Maybe you’ve always thought people only go to therapy if there’s something wrong with them – it’s like admitting you’re a failure or a nut. But actually, therapy is nothing to be ashamed of. Even if you don’t have any type of mental illness (and it’s also ok if you do!) it’s useful to talk to a therapist to work through your own thoughts and feelings.
Who Therapy is for
The main category of people that therapy helps is those who are human and have feelings – in short, everyone.
Most of us don’t grow up knowing how to handle our feelings well or communicate in the most effective way with others. It’s not something our culture or education does a good job of teaching us. Therapists are specifically trained in helping people to develop those skills.
A trip to therapy is usually more worthwhile when you’re dealing with something big in life – a loss, relationship troubles or a transitional period – but it can be illuminating and useful even when you’re not. A good therapist can help you with life skills that make your day-to-day a little better even when things are fine.
What Therapy Can Teach You
It’s important here to clarify that therapy isn’t magic – you can’t go to one appointment and – Poof! – all your problems are gone. But if you find a good therapist and put in the time and work, you can make some serious strides toward many of life’s biggest challenges.
As a starter list, therapy is useful for:
- Teaching people how to communicate with loved ones better
- Teaching people to control their anger
- Helping people manage stress better – which pays off in reducing stress-related health issues as well
- Helping people beat depression
- Helping people deal with loneliness
- Helping people and their families face a difficult diagnosis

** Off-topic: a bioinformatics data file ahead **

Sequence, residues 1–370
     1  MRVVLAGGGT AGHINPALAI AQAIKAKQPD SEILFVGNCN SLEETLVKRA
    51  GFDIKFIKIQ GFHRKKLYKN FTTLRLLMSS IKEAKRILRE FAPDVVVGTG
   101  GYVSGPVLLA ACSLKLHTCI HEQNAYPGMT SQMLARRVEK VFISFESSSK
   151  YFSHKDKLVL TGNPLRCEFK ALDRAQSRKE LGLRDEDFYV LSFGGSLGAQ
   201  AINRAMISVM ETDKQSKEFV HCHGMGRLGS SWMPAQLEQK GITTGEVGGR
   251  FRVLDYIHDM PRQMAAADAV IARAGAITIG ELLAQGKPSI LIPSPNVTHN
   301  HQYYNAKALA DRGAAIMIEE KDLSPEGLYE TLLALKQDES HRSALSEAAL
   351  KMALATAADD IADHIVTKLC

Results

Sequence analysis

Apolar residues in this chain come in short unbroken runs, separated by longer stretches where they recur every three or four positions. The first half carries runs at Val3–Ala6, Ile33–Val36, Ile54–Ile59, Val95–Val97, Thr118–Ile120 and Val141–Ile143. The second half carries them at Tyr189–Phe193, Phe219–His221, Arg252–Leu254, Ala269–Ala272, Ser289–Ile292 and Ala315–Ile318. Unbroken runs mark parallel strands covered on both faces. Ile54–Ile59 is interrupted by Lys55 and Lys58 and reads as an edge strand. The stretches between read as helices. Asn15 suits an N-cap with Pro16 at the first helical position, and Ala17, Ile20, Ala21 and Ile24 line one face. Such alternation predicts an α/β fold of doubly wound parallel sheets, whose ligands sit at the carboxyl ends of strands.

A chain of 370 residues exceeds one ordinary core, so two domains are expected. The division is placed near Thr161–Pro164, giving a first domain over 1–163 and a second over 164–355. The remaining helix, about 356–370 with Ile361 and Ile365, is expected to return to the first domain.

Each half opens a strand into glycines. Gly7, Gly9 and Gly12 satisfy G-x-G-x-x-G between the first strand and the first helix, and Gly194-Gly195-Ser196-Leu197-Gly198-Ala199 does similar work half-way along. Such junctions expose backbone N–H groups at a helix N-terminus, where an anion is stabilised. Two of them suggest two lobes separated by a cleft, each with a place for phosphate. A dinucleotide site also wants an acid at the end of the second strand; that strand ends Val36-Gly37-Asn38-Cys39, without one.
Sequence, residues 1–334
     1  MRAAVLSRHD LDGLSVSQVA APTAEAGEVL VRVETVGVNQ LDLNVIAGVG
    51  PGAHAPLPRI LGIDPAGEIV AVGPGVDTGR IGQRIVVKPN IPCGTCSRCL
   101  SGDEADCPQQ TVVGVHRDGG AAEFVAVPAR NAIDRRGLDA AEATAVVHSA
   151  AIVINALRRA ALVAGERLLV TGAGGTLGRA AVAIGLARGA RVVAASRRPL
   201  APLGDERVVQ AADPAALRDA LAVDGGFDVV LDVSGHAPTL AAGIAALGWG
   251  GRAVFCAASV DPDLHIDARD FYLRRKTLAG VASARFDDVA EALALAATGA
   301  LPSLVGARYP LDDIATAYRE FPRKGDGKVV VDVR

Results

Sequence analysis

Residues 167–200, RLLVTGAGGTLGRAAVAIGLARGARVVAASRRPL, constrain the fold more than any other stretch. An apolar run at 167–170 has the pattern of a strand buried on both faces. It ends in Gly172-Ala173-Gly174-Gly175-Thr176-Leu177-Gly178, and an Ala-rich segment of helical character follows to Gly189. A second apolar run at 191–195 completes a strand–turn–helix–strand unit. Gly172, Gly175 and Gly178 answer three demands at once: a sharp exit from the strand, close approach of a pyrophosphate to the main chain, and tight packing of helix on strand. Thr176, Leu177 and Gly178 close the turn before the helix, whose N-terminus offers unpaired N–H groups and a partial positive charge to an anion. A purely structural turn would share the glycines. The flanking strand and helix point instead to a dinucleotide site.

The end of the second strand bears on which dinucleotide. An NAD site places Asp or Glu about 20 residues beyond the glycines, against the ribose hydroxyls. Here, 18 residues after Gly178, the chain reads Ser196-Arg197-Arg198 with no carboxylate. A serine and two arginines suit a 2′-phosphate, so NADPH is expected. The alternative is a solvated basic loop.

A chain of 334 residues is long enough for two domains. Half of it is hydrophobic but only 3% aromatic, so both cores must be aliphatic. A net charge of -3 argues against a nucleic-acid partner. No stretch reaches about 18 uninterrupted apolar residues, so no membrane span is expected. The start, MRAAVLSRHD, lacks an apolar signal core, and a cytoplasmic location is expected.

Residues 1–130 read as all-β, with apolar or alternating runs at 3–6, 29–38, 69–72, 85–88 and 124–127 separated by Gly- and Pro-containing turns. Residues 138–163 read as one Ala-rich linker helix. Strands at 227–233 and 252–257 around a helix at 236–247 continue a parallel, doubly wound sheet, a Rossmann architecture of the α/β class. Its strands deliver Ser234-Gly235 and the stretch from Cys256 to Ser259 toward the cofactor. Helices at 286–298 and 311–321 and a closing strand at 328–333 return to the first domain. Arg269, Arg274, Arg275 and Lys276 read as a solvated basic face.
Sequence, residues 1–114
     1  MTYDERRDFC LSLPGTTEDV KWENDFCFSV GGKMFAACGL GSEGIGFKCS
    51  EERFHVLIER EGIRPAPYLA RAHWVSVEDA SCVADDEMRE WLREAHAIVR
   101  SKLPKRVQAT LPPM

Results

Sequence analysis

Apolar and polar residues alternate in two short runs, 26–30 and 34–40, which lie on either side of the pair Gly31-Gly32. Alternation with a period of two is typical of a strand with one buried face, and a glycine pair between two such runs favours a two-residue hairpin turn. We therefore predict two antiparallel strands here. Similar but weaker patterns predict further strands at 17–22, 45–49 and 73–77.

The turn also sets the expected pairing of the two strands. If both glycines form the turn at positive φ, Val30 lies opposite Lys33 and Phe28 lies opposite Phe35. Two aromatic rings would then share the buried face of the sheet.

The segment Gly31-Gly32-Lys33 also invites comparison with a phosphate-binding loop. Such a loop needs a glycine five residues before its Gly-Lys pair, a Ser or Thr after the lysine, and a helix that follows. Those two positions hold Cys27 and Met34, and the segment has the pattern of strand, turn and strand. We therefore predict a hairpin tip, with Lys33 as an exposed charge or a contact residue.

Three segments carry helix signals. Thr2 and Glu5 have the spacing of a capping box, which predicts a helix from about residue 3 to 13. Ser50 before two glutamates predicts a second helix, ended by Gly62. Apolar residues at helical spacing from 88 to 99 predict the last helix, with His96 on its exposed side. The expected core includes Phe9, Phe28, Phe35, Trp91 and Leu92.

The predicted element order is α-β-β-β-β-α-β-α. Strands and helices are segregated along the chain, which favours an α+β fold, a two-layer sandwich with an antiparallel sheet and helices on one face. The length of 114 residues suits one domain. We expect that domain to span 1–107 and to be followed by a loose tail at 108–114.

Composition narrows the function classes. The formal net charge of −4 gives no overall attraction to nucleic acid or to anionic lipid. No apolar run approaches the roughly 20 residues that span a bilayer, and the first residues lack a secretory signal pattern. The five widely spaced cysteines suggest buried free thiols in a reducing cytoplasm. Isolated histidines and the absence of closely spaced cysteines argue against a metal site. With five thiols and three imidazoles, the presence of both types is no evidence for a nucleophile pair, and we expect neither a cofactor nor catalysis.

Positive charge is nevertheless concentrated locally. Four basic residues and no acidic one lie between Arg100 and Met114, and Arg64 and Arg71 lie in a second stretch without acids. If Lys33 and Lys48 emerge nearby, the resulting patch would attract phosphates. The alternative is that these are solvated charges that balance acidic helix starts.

- Teaching people how to manage and reduce anxiety
- Providing techniques to improve many of the little things about yourself and your life you don’t like
Caregivers face a lot of stress and generally have difficulty balancing their other priorities with caregiving. Therapy can help with that.
Therapy doesn’t make problems go away, but it teaches you how to face them in a way that makes them more manageable and less destructive to yourself and those around you.
How to Get What You Need Out of Therapy
As mentioned, therapy isn’t a fast and easy solution. You have to approach it the right way and be willing to do the work the therapist recommends. That could even mean homework in between visits. For seniors it’s probably been a long time since you had “homework” so it may take a mental shift to get used to it.
If you’re going to give therapy a try, here’s how to increase your chances of getting what you need from it.
Rule #1: Have an open mind.
If you go into it assuming you won’t get anything out if it or thinking it’s all cheesy, well, you won’t get anything out of it. First things first, you have to trust that your therapist knows what they’re doing and cares about helping you. Be prepared to listen to what they have to say and seriously consider it – even if it’s not always something you think you want to hear.
Rule #2: Be honest.